If you are setting out on a long journey, whether in this country or abroad, it’s worth checking that your car is up to the journey and will get you there as safely as possible. A lot of garages will perform checks for you free of charge, obviously hoping that if anything is required you will use their services. Others may make a charge, but will do a thorough check includng brakes, windscreen etc.
Many modern cars will tell you some of these things via their onboard computer and will alert you accordingly. Things it won’t tell you include tyre tread and general condition of tyres. Also, levels may not be at the low alert level, but may not be too far off. It may be worth checking anyway if you are going a very long way.
- Oil level – check via dipstick or car information system
- Water level (in the radiator). These are generally a sealed system with an expansion tank, so you should be able to see this from the outside. Most modern cars will rarely need this, but if you have an older car it’s worth checking.
- Water/screenwash in windscreen bottle. In summertime it’s a good idea to get a screenwash with a decent level of detergent for clearing bug strikes.
- Tyre pressures – check using a pressure gauge or garage airline. Some cars have an internal gauge on the in-car information system. Tyre pressures can be found on the inside of the car door, the petrol cap flap, or in the manual. Bear in mind, if you are on a long trip with a fully loaded car, you may need to increase the tyre pressures according to the weight of the load. The manual should advise of this.
- Tyre tread – using a gauge, the legal minimum is 1.6mm but it’s a good idea to have extra because of the miles you are due to cover. Also check for condition – lumps, bumps, splits in the tyre wall (inside & outside, by turning the steering wheel to see the inner rim)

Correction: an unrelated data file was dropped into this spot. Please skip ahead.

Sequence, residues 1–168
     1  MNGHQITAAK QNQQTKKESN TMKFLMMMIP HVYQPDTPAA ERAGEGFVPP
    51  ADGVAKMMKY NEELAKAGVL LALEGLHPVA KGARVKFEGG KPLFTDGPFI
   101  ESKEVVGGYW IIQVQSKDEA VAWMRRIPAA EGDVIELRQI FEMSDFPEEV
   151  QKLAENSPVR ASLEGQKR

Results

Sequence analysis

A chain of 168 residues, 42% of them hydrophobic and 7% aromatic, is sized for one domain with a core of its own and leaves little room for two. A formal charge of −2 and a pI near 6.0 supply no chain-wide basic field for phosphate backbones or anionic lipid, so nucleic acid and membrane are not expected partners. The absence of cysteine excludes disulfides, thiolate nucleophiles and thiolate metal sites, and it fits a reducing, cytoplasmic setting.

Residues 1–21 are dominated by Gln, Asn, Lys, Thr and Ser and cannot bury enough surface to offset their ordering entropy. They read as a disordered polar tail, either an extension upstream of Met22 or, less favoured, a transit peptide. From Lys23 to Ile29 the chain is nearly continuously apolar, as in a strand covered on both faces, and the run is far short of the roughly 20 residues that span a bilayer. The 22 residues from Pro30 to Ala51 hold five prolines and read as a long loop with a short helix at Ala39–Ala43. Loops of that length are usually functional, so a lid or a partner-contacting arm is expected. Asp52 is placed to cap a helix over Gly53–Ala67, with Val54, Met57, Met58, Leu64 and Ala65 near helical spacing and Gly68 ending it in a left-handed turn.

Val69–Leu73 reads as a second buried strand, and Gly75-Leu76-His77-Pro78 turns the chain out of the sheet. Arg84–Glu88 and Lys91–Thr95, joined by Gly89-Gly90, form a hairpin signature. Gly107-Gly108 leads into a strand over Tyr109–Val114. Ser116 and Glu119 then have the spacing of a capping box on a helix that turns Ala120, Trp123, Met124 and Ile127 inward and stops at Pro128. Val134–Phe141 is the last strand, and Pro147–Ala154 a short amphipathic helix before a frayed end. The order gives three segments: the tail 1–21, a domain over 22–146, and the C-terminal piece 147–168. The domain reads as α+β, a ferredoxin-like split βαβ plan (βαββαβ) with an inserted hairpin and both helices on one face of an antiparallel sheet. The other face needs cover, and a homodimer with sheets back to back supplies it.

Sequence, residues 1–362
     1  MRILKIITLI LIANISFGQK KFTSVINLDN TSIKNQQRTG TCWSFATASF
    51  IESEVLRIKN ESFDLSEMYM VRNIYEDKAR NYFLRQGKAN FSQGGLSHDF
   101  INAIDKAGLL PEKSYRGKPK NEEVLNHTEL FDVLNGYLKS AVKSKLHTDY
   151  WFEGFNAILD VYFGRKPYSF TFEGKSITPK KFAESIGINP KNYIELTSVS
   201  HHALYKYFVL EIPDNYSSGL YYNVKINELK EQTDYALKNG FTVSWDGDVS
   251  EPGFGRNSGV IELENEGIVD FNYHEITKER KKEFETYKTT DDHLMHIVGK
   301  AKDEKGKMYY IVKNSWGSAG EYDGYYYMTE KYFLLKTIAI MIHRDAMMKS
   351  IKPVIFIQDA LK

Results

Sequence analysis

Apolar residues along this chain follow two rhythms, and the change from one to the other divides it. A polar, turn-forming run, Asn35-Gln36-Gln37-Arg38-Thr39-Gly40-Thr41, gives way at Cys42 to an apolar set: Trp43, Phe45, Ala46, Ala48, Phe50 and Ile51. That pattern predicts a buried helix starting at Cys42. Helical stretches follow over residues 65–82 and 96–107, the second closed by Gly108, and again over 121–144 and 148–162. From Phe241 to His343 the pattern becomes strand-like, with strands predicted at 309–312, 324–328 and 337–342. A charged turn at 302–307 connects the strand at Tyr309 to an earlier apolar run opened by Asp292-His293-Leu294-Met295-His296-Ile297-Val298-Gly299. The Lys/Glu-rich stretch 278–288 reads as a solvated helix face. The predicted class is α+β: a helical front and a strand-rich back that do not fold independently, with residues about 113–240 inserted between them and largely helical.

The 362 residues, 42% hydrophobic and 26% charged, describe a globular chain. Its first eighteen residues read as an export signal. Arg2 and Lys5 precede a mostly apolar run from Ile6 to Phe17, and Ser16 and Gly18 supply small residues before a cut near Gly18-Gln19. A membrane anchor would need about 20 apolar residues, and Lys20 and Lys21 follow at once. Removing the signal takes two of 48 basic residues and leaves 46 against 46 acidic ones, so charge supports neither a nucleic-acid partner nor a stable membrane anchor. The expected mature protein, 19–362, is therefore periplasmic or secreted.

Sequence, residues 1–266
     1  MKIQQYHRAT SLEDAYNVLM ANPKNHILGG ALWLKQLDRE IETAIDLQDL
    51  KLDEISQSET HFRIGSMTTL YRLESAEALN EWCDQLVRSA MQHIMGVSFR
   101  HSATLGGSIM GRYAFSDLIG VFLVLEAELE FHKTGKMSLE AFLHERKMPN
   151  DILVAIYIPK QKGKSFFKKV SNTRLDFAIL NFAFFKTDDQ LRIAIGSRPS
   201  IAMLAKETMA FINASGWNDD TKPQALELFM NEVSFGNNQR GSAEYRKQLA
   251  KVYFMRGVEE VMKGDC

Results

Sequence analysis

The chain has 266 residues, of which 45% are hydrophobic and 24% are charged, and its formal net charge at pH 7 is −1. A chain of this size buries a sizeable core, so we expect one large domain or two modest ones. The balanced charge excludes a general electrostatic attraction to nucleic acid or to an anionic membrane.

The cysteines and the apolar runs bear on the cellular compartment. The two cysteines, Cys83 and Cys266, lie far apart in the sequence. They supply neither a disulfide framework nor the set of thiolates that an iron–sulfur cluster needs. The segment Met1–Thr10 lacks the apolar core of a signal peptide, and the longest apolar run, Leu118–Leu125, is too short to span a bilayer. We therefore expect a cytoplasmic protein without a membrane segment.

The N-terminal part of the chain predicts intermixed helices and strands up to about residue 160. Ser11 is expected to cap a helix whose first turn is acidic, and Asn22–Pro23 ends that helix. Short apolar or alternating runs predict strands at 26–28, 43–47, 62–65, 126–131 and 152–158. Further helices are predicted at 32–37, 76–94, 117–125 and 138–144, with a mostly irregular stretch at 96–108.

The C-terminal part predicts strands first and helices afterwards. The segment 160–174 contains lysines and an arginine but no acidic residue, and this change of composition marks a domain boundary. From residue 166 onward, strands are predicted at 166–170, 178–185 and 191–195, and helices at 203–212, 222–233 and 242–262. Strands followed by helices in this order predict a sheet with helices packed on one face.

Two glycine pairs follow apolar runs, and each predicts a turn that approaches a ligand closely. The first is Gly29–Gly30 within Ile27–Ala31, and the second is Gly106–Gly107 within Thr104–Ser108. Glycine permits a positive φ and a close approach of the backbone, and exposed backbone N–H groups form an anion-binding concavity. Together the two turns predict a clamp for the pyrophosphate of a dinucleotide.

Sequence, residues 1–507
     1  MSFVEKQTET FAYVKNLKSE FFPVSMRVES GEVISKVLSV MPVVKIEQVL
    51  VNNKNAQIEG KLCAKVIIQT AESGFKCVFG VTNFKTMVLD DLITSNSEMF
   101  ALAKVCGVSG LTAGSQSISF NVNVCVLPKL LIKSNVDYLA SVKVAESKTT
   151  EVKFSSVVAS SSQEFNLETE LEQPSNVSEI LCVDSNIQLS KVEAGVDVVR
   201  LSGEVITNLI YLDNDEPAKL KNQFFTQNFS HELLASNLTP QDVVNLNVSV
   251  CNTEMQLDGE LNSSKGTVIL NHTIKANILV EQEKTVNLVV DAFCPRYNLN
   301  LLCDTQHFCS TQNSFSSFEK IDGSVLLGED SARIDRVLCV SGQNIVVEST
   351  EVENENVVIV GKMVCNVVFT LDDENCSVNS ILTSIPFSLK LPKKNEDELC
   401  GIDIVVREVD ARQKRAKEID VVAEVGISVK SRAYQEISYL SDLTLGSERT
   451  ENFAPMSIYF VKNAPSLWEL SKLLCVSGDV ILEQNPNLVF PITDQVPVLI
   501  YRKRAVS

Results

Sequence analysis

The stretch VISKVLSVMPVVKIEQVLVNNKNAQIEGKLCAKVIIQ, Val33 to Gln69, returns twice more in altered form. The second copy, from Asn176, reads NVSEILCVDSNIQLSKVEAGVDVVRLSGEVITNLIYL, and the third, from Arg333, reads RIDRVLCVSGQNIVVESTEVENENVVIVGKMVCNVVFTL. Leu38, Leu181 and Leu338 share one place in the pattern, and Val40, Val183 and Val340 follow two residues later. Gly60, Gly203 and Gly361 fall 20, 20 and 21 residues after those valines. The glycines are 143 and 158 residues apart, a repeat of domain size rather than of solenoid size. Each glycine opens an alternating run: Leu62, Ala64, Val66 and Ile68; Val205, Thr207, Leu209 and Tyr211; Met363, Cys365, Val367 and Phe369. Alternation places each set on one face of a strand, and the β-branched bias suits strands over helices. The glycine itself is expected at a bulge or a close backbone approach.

- Spare tyre – don’t forget to check the condition of this too!
- Windscreen wipers – check that they are not badly worn. you can do this by inspection and just using them!
- It’s a good idea to take some spare things with you. Spare bulbs, warning triangle (these are compulsory in most European countries), torch. In-car charger for mobile phone in case of emergency. High visibility jackets are also compulsory in France, and have to be kept in an accessible place (without getting out of the vehicle)
- Insurance – check that your insurance covers the type of driving you will be doing. If you are going outside the UK, you need as a minimum a ‘green card’ from your insurance company. This only provides the minimum insurance level legally required in the country to which you are travelling. If you want the same level of cover abroad as in the UK, you have to get a foreign use extension from your insurance company. This is usually at extra cost.
- Breakdown cover – breaking down or having an accident abroad can be very expensive if you haven’t got international breakdown cover. If your car is still under warranty, it may have this cover as part of the warranty. UK breakdown cover will likely be covered by any car warranty, or can be bought from a motoring organsiation or insurance company.
- Car identification – if travelling abroad, the car needs to be identified as from Britain, either by a sticker or sign on the car number plate. Don’t assume this will automatically be on your number plate, many don’t have it so do check!
- Headlights – if driving on the opposite side of the road, beam converters are required. Buy them in the UK (from Ebay) as they are a lot cheaper than at ports or on the continent.
- If your car has been making suspicious noises or has had little struggles for a while, get it looked at. Sod’s law, this little problem will turn into a big problem when you are in the middle of nowhere!
- Similarly, if your car is almost due a service, get it done early. It will give you peace of mind, and potentially save a lot of trouble!
- It may sound obvious, but make sure you have enough fuel. Don’t take it to the wire. The last thing you want is to run out of fuel because you were stuck in a traffic jam or had to be diverted. It’s one of the biggest causes of a breakdown.
Drive safely, everyone. Bon Voyages!
Oh, and if you want some tried and tested tips for keeping the kids entertained on your road trip, here they are…
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